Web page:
Forum for Science, Industry and Business

Sponsored by:     3M 
Search our Site:

 

Sea turtles’ first days of life: A sprint and a ride towards safety

24.10.2014

Scientists follow hatchlings from Cape Verde with tiny acoustic transmitters

With new nano-sized acoustic transmitters, scientists from GEOMAR Helmholtz Centre for Ocean Research Kiel, the Turtle Foundation and Queen Mary University of London were able to follow the pathways of loggerhead turtle hatchlings from Cape Verde.


Turtle hatchling with nano-tag. Photo: Rebecca Scott, GEOMAR

The tiny animals quickly swim through predator-rich coastal waters and are then dispersed by nearby ocean currents. According to the study, which was primarily funded by the Kiel Cluster of Excellence “The Future Ocean”, the local oceanic conditions are believed to drive the evolution of some unique swimming behaviours. The results are published in the current issue of the Proceedings of the Royal Society B.

Loggerhead turtles (Caretta caretta) from Cape Verde start their lives with a swimming sprint and a ride on favourable ocean currents. In this way, they escape quickly from predator-rich coastal areas and make their way to the safer open ocean where they spend several years feeding and growing. In this study, tiny acoustic transmitters provided direct insight into these pathways for the first time.

“Thanks to the new technology we can start to fill in key information gaps about the so-called ‘lost years’ Dr. Rebecca Scott states. Funded by the Kiel Cluster of Excellence “The Future Ocean”, the marine biologist coordinated a joint study of GEOMAR Helmholtz Centre for Ocean Research Kiel, the Turtle Foundation and the School of Biological and Chemical Sciences and Dr. Christophe Eizaguirre at the Queen Mary University of London.

“Scientists call this early life phase the ‘lost years’, because they were not able to follow new-born sea turtle hatchlings very far. Hatchlings essentially disappear into the sea until many years later when the lucky survivors return to where they born to breed. But with new techniques like nano-tags and ocean models we are able to see where the tiny young animals go. This is important because the dispersal experiences of hatchlings drive the development of their behaviours into adulthood. The more we understand about the biological and physical determinants of their dispersal and swimming behaviours, the easier we can protect this endangered species.”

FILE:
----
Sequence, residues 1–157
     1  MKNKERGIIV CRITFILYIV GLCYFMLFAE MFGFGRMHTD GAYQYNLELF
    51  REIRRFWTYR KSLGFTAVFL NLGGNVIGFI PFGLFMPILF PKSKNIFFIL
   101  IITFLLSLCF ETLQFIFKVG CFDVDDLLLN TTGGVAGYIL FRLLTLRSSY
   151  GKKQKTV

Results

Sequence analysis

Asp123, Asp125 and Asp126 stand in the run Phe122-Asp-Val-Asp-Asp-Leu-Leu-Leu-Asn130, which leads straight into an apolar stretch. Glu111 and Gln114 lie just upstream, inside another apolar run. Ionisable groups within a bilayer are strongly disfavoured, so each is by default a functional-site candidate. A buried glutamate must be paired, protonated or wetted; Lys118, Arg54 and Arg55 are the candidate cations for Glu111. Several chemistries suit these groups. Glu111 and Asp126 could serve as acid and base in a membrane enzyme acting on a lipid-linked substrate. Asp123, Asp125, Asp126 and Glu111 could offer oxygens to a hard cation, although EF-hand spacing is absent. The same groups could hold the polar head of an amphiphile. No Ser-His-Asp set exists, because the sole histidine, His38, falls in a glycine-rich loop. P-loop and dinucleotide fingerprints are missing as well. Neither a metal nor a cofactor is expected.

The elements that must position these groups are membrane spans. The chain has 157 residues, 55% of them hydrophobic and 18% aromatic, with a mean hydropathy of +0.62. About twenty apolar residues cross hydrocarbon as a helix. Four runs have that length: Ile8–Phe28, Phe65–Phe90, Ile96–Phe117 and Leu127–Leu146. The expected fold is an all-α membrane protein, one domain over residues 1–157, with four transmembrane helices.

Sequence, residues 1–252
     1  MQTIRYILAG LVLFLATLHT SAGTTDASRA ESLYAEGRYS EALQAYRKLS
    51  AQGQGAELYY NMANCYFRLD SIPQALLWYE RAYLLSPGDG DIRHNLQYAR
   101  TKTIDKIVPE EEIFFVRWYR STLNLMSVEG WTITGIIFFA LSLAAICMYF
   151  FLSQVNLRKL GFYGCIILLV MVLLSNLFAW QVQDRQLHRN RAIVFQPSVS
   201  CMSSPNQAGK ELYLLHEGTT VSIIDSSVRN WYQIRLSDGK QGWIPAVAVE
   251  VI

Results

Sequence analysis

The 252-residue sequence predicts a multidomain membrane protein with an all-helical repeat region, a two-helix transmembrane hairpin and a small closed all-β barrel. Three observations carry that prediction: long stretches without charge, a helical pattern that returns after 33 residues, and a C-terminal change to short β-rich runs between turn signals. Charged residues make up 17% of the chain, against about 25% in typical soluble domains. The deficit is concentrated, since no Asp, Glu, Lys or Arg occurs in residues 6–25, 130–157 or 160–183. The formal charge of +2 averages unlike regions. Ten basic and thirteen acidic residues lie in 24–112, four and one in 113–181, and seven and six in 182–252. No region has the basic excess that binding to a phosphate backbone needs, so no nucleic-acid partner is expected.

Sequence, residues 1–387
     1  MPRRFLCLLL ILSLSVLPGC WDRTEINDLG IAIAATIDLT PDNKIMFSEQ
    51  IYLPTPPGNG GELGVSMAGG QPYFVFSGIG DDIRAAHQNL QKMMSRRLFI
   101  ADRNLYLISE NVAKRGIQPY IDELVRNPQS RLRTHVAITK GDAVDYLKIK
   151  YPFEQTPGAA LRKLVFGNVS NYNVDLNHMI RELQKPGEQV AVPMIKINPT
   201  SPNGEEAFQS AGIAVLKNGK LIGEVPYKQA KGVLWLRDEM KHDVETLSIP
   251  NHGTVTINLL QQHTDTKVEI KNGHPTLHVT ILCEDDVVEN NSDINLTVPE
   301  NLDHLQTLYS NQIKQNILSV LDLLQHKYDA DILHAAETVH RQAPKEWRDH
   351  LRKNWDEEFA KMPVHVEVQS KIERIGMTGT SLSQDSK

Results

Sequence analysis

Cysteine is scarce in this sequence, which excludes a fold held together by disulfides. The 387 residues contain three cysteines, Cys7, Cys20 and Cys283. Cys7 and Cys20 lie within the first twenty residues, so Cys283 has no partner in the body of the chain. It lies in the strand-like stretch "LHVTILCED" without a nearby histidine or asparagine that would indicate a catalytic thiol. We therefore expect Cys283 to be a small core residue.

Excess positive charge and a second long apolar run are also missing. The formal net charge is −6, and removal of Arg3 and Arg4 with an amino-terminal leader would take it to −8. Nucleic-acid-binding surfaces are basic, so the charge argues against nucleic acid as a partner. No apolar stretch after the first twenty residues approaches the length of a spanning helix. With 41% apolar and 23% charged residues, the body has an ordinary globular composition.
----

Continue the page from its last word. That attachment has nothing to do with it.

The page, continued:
In cooperation with the Turtle Foundation at Boa Vista, Cape Verde, the scientists collected hatchlings from two beaches in the northwest and southern tip of the island. Acoustic transmitters with a five millimetres wide and twelve millimetres long streamlined shape that weigh 0,4 grams in water were glued onto the shell of eleven hatchlings. The turtles were then followed at sea using a boat and acoustic receiver for up to eight hours and 15 kilometres. In addition, the swimming behaviour of 16 hatchlings were monitored in “hatchling swimming pools” for several days using data loggers made by engineers at GEOMAR. The turtles swam continuously during their first 24 hours after hatching and then switched to a pattern of activity at daytime and inactivity at night.

Due to the close proximity of offshore currents in this region, it seems the Cape Verdean hatchlings can sleep more at night than hatchlings from other places. For example in America, different research groups have shown that they would have swim a lot more to reach offshore currents”, Dr. Scott explains. “Deep oceanic water and favourable currents, which then determined the travel directions and speeds of our Cape Verdean turtles are situated very near to their nests. Therefore, it is very beneficial for turtles if local oceanic conditions drive the evolution of swimming behaviours that are unique to different nesting locations to ensure their best survival outcomes. It seems that turtles are born with these unique locally adapted behaviours.”

Finally, because larger animals kept swimming for a longer time than smaller individuals, a larger body size is thought to be a good sign of fitness. “But there is some evidence emerging that higher nest temperatures may reduce the size of hatchlings. Therefore, it might be possible that global warming decreases the fitness of the sea turtles by threatening them in more subtle ways than just obvious dangers like the loss of nesting beaches”, Dr. Scott assumes.